Re: Hum theatre

Pete Resnick <presnick@qti.qualcomm.com> Thu, 07 November 2013 17:41 UTC

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Date: Thu, 7 Nov 2013 09:41:37 -0800
From: Pete Resnick <presnick@qti.qualcomm.com>
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To: Richard Barnes <rlb@ipv.sx>
Subject: Re: Hum theatre
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On 11/7/13 1:36 AM, Richard Barnes wrote:
> Like Randy, I sense a fair degree of process omphaloskepsis here.

What process do you think is being over-contemplated here? The bit about 
the IAB judging consensus? Fine, ignore that bit. That's not the most 
important bit.

(Dismissing or belittling arguments by characterizing -- or caricaturing 
-- them, be it calling them "naive" or "overwrought" or 
"omphaloskepsis", is often effective, but inappropriate.)

> A wise person once told me that any consensus is judged at a point in 
> space and time, and this one sure was.

Consensus on *what* exactly in this case? Consensus that we should all 
be happy? Consensus that we should all have a pony?

It is true that consensus (rough or otherwise) is a state, and that 
state can always change. But consensus should be on a particular point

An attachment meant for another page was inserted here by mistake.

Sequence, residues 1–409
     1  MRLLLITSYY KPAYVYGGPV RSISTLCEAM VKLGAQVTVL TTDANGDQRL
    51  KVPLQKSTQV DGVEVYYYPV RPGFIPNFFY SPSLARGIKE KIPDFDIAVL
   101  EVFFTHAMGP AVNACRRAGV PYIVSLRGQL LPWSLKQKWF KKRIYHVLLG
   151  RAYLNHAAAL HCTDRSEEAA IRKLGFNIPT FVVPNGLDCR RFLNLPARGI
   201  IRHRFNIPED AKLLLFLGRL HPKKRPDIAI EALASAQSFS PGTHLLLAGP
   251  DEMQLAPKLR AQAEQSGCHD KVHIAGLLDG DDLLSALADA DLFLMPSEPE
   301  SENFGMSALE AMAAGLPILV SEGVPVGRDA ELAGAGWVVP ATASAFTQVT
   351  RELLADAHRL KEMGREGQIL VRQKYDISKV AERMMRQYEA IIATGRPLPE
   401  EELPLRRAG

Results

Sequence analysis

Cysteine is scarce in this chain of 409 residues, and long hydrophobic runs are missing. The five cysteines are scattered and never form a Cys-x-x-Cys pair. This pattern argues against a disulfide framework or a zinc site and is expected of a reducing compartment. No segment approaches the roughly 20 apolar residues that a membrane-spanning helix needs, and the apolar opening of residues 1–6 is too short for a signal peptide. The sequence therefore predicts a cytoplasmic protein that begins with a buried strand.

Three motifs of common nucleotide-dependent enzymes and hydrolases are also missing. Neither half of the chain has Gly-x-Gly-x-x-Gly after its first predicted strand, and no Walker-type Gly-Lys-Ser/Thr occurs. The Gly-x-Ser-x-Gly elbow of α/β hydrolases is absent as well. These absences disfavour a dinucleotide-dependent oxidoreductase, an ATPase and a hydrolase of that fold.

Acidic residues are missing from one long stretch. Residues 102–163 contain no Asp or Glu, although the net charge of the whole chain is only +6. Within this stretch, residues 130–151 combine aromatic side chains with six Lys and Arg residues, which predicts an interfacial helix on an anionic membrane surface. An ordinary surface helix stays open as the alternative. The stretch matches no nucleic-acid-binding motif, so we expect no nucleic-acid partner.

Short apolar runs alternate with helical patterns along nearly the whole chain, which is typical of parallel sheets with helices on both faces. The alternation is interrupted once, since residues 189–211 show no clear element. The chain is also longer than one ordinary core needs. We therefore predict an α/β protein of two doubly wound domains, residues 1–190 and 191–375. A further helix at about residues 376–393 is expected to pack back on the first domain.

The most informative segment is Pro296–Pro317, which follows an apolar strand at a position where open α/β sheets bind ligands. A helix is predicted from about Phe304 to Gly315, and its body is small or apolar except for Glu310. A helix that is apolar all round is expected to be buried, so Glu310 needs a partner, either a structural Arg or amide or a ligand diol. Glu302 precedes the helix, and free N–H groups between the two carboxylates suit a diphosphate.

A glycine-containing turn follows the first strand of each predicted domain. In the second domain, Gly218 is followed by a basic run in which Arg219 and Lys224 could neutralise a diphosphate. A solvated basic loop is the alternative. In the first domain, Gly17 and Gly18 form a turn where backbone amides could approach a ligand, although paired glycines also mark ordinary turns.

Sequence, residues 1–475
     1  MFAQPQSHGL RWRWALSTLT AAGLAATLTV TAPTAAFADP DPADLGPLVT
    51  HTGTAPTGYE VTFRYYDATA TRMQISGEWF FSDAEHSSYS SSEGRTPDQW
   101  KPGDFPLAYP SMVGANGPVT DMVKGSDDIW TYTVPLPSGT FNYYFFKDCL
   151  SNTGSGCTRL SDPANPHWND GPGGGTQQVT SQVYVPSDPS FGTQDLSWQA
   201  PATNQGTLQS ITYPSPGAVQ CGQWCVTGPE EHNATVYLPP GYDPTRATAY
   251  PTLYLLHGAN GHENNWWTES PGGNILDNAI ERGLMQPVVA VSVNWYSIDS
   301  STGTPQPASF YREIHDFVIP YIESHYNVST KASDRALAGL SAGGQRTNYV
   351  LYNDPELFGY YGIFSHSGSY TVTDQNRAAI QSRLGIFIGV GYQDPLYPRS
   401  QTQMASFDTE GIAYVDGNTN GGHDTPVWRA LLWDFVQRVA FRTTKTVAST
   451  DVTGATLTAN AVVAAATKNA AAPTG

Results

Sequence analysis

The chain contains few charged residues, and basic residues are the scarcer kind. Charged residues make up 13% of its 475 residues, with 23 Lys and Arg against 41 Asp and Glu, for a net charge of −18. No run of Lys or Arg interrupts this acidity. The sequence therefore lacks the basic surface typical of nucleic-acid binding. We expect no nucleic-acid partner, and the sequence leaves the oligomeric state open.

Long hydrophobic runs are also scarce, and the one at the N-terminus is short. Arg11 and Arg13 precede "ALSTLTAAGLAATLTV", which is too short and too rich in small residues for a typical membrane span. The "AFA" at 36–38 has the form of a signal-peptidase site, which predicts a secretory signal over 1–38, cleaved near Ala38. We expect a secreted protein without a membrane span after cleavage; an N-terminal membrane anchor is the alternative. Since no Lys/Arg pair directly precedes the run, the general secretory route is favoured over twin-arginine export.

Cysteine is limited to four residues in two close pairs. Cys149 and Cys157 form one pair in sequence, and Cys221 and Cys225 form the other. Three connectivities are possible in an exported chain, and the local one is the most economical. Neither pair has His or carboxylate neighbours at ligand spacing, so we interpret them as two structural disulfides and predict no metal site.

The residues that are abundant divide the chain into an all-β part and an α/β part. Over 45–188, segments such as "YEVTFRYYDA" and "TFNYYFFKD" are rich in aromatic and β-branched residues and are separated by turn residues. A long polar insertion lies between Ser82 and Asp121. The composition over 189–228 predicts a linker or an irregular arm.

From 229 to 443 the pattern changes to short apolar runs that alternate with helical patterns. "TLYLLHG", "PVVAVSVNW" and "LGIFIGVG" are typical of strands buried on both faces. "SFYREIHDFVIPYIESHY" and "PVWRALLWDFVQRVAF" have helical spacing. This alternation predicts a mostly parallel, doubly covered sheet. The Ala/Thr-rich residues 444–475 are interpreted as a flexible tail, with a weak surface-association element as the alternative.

and it must be relatively stable; it shouldn't be claimed on some broad 
platitude for which nobody knows the details, and it shouldn't change 
unless new information is brought into the mix.

> What you're saying is that it is impossible for the consensus of the 
> IETF to be estimated in plenary session and that it requires some 
> specially anointed person (not of the IAB) to judge that consensus.

No, I am absolutely not saying that. I disagree completely with all of 
the above statement.

After a discussion of issues, it is perfectly reasonable for someone 
(anyone) to *estimate* what the consensus of the IETF might be in 
plenary and state that. Sometimes that might even be a good thing.

A hum (or a show of hands, or an applause meter) can give you lots of 
information about the sentiment of the room and it might even give you 
an estimate of what the consensus of the room is. All fine.

But taking a hum, at the end, without discussion afterward, is not a 
reasonable way to *call* consensus. And that's exactly what some people 
heard was going on. And it's hard to interpret what Russ said otherwise.

(As for the "anointed" person: *Calling* consensus -- that is, making an 
IETF decision -- does take someone who the IETF has agreed is 
responsible to do that. Estimating consensus or guessing consensus or 
otherwise sticking one's finger into the wind and predicting consensus 
are all fine -- unless you're doing so to try to shove people into a 
particular position -- but making a final call *is* something that we